It's sounding sorta-kinda like what I took to be the "$5 egg"/eat-everything-local critique--this is claiming to be something that everyone can and ought to do, but in fact isn't at all, and couldn't be without drastic changes to the entire food industry--but I don't think it's fair to lump the two articles in with that. Or at least, not entirely fair. Obviously not everyone can afford a bike that looks that good. But the vast majority can afford a bike that rolls quite well--though as you indicate, it may take some insider knowledge to know what's a good deal and what's junk--and often folks don't realize how bikeable their own city is. Chicago, for example: not fun in January, but the climate's not much worse than Berlin, and it's flat. Levy seems to bike a lot in Montreal.

Why evangelize for it in cities with good public transit? Well, bikes are sometimes faster than buses, and sometimes better for particular destinations; it's healthier for you; and they're better for the environment than even "zero emissions" buses (since that electricity comes from somewhere). What's not to like? (And some of the characteristics that make a city promising for public transit--density, for one--also make it promising for biking.) But hey, Russell Arben Fox evangelizes much better than me--and he's talking about biking in Kansas.


As for pricing and durable equipment: I agree that there's a lot of sexism in how luxury is defined, and I also agree that it's easy to get into total-luxury mode with bikes. The Method Bicycles they link to, for example: $2k-10k. But the first link is to Working Bikes Co-Op, where they start at $100. And I mentioned the fact that it's durable equipment to highlight that a bicycle is a machine that has a lot of force and strain put on it, and so it build quality really does matter when it comes to both the efficiency of the ride, but also the frequency and ease of maintenance. That said, I just don't understand what your argument about the luxury character of the pictured bikes is--of course they're lovely and expensive; they're in a style magazine. What else would they be?

CW said...

"I have my doubts about how much can be accomplished in cities like Chicago or Montreal, where you'd know you're investing in something you can only use for a small part of the year."

That makes sense, but Minneapolis is considered one of the most bike-friendly cities in the U.S. in spite of our climate. We don't have as many bike commuters as Portland, but do better than most other cities in the country. I think that shows there is a potential for real growth in other cities. Even Anchorage has seen growth in bike commuting over the last 10 years. I have a few co-workers who commute by bike (some all year round and others only in the warmer months).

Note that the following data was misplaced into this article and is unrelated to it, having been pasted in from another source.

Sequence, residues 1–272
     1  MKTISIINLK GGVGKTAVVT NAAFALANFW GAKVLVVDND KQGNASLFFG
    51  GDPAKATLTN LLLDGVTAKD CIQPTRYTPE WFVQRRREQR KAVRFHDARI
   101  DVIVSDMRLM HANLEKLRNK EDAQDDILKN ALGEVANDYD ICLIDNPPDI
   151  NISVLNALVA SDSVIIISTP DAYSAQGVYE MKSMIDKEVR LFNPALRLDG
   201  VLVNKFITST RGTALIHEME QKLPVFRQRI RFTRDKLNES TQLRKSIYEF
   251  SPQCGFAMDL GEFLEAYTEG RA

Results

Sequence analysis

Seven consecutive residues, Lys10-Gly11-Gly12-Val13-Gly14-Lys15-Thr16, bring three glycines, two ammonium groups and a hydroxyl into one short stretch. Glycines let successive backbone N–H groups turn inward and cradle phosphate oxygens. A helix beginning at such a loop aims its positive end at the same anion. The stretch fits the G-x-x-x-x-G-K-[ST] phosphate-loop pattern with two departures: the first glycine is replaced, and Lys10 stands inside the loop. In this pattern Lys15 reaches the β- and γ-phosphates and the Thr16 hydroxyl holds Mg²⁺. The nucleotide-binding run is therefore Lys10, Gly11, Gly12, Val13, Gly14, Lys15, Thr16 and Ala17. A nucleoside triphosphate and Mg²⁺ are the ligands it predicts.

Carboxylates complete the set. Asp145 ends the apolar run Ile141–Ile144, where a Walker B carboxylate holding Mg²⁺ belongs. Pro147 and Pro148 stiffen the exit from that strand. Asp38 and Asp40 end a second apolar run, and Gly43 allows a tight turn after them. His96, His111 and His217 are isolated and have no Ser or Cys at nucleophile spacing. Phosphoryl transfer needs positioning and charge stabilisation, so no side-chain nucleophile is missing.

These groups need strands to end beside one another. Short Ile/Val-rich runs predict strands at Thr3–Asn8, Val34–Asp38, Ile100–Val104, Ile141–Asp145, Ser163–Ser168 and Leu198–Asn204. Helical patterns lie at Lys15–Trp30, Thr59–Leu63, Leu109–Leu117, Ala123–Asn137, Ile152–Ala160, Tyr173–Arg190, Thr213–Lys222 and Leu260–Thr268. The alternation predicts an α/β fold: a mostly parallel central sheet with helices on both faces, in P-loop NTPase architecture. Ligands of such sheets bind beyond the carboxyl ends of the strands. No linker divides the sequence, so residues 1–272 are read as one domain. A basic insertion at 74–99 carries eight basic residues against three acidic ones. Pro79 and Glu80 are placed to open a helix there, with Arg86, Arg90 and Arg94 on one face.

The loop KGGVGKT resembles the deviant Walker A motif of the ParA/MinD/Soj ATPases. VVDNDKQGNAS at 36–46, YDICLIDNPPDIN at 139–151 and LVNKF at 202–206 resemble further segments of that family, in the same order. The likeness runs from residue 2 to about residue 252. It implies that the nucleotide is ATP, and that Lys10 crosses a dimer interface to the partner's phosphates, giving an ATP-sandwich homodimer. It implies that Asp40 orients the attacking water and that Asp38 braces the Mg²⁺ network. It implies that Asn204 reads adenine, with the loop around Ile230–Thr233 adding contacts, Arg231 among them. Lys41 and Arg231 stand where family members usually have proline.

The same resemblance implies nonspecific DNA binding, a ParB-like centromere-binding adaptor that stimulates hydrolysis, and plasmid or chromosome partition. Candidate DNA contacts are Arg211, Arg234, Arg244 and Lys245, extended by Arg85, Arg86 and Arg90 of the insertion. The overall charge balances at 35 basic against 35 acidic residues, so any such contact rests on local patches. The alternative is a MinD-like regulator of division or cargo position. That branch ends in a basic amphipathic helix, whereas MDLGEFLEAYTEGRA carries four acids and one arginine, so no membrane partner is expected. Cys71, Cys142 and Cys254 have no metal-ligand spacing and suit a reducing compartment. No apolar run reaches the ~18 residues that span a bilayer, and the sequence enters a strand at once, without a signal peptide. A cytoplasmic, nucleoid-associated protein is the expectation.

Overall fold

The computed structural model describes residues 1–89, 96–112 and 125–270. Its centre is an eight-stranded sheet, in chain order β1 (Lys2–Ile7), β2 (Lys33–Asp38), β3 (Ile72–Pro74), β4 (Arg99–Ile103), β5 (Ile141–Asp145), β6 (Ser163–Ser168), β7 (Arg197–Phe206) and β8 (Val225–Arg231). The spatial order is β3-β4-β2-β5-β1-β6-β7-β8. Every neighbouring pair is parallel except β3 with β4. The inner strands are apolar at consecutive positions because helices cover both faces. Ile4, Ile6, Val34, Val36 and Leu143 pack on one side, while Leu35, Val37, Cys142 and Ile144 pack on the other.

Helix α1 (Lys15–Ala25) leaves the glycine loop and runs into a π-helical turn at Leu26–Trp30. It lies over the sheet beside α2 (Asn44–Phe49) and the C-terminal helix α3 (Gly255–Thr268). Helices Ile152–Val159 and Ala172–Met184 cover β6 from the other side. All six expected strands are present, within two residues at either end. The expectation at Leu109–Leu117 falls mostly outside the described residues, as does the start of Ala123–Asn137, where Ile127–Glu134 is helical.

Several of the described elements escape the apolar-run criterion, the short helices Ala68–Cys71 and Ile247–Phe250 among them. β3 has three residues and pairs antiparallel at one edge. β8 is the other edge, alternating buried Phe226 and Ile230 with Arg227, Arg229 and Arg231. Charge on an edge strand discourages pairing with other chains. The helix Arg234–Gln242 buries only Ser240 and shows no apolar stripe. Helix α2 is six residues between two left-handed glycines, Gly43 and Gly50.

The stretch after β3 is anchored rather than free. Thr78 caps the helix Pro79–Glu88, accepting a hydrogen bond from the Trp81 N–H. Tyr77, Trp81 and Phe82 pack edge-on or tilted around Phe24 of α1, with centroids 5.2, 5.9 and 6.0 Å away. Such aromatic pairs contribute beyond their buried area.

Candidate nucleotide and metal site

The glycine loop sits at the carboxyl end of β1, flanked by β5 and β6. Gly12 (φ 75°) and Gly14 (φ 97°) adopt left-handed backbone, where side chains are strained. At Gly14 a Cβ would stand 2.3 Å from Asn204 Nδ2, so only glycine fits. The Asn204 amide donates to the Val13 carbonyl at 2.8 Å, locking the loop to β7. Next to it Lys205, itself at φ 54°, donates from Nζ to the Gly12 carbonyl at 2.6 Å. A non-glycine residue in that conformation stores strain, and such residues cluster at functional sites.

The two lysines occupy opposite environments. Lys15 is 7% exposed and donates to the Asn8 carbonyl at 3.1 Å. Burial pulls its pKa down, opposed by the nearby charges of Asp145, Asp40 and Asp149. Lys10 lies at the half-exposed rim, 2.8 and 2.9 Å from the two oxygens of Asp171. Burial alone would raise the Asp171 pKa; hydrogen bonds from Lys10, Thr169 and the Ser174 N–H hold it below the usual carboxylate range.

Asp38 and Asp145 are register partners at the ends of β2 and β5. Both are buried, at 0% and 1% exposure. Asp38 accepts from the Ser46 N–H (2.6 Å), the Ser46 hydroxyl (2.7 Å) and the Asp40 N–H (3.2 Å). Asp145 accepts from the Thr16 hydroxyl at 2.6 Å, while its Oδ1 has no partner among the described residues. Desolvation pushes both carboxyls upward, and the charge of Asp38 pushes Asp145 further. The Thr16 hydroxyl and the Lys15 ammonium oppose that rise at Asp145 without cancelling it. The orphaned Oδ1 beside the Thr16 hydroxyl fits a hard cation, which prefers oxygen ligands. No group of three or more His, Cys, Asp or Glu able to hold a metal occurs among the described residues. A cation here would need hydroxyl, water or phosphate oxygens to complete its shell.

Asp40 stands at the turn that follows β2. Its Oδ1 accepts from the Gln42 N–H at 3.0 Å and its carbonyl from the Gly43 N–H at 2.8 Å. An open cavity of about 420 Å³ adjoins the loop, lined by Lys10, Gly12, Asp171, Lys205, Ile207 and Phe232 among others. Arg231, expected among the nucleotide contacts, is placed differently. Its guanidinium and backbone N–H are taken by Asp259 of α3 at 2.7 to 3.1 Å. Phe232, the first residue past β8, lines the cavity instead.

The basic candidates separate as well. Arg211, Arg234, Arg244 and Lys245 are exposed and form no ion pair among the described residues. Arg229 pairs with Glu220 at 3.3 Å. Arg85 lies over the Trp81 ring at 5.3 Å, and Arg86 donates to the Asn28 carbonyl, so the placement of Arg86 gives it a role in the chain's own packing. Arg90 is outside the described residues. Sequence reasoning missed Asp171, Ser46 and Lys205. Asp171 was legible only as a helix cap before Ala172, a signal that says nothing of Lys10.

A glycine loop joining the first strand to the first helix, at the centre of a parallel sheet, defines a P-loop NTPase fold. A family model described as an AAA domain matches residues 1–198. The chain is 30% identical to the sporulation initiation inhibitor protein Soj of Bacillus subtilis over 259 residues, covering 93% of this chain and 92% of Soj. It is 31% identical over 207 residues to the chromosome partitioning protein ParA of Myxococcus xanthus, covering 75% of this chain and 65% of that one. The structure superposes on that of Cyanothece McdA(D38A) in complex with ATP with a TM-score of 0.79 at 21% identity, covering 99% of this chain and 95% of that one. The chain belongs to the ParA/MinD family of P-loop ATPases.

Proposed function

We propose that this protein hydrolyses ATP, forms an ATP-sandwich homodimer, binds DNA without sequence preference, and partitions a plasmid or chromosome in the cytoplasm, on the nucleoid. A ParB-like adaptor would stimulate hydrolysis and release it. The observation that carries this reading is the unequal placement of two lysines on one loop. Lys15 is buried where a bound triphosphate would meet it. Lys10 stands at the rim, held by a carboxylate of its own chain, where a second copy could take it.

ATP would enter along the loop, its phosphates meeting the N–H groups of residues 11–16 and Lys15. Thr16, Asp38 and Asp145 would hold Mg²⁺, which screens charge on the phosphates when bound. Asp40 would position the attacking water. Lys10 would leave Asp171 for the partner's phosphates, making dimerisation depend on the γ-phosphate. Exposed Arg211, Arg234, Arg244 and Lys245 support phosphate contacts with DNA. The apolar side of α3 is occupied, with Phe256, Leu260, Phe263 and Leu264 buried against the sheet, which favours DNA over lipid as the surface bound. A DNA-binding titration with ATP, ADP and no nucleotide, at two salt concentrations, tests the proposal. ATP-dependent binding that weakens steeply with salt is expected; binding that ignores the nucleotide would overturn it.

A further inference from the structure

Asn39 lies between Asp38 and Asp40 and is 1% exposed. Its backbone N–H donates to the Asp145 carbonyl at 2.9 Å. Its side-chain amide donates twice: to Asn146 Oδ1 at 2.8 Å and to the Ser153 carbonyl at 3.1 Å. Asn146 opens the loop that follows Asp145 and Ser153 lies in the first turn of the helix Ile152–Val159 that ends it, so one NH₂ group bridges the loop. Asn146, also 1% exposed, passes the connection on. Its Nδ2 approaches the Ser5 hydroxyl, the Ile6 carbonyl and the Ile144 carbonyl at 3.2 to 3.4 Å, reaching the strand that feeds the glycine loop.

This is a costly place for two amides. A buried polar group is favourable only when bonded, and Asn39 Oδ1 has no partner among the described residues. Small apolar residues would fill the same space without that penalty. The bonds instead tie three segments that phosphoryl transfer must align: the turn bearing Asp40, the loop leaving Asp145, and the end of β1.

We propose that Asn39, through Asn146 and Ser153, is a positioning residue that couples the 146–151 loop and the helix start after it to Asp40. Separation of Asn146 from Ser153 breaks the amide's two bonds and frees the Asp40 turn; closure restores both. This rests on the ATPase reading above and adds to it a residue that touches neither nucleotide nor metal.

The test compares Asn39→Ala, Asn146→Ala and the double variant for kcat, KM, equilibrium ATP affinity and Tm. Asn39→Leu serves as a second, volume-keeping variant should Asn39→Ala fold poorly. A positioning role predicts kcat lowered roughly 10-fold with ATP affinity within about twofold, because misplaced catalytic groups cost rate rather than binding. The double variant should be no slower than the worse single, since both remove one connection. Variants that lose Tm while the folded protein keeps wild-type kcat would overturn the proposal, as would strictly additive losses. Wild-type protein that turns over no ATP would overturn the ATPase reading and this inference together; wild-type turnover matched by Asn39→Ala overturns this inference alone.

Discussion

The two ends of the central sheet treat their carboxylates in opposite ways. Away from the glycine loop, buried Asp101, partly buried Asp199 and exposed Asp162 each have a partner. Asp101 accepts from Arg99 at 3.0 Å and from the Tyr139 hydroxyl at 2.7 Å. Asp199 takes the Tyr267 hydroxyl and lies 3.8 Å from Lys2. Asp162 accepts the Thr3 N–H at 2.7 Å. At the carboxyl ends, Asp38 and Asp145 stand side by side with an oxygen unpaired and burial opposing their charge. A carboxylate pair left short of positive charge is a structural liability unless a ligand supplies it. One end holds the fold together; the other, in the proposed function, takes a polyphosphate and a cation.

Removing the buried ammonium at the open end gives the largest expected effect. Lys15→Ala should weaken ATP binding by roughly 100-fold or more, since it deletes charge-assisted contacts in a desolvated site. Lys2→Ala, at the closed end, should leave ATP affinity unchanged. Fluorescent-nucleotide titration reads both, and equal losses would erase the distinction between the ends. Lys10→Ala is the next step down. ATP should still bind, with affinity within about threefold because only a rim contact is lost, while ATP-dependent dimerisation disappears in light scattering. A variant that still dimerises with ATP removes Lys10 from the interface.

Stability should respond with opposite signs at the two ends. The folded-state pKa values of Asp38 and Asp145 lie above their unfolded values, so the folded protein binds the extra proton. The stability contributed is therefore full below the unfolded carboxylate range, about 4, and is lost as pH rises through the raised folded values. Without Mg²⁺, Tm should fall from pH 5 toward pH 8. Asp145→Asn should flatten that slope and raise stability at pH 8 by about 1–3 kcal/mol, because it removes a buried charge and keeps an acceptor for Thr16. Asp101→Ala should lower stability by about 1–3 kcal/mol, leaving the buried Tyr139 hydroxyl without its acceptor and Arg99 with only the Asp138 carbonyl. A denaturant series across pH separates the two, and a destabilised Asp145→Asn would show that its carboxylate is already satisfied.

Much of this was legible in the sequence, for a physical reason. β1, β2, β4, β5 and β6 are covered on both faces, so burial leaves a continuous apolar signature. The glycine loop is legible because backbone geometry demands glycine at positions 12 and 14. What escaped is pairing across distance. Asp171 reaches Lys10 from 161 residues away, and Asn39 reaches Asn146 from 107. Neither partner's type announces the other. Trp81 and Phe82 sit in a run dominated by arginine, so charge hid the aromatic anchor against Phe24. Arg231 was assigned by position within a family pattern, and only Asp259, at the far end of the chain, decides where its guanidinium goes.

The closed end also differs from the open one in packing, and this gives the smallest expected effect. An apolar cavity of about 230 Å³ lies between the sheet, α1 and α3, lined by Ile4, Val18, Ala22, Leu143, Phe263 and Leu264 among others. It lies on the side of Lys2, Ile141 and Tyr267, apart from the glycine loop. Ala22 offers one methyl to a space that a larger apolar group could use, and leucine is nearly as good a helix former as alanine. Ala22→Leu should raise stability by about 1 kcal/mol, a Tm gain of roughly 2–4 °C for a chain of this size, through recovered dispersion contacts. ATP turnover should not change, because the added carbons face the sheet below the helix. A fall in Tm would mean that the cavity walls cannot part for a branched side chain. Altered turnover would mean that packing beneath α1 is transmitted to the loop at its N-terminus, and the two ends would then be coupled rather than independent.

Micha said...

Not relevant to this post, but you might find this interesting:


Phoebe said...


I think you're still confused because you're digging for some Grand Denunciation-style Argument from my post/comment, where there is none. I was merely commenting on my own ambivalent reaction, as someone who uses a bike to get around, to some depictions of biking as something you do if you're a Swedish supermodel.

Although I suspect it's not so much that you're confused by what I was saying as that you just disagree - as far as you're concerned, anything that promotes biking should be enthusiastically supported. Not unreasonable, although I'd just add that when I was referring to public transportation, I was thinking mostly of subways, not buses, and I'm not sure how biking can compete with subways. (My sense of NYC and Chicago is that in many parts of the city, if you don't need a subway, you can just walk. Which is also zero-emissions, and you don't end up with a near-unused bike mounted decoratively on a wall until it goes to the landfill. And bus riders in such cities are frequently old/infirm, such that they're not about to switch to biking.) But for cities where there isn't a subway or much of one, and the alternative is to drive, by all means.

My only question for you would be whether it helps or hurts to reinforce the idea that biking makes a person more glamorously Northern European. This will appeal to some, but turn off others. And probably a good number of those who find it appealing are already either biking or walking, while a good number of those who don't are set on driving. The question is really whether there are that many people who are now driving, who'd be persuaded. Perhaps - I wouldn't rule it out - but I'm not sure.

Phoebe said...


It's clearly possible to bike for much, half, the year, even in cold climates. The issue is more that if much of the year, it isn't possible, lots of people will buy bikes with the sincere intent to ride them, and then the bikes will just sit around unused. While unused bikes are hardly the great tragedy of our times, it is a bulky and pricey piece of likely-future-landfill. And buying expensive, bulky items you're not going to use is, as a rule, not a great idea.

Of course, my own bike sat around unused for nearly a decade, and now, most useful.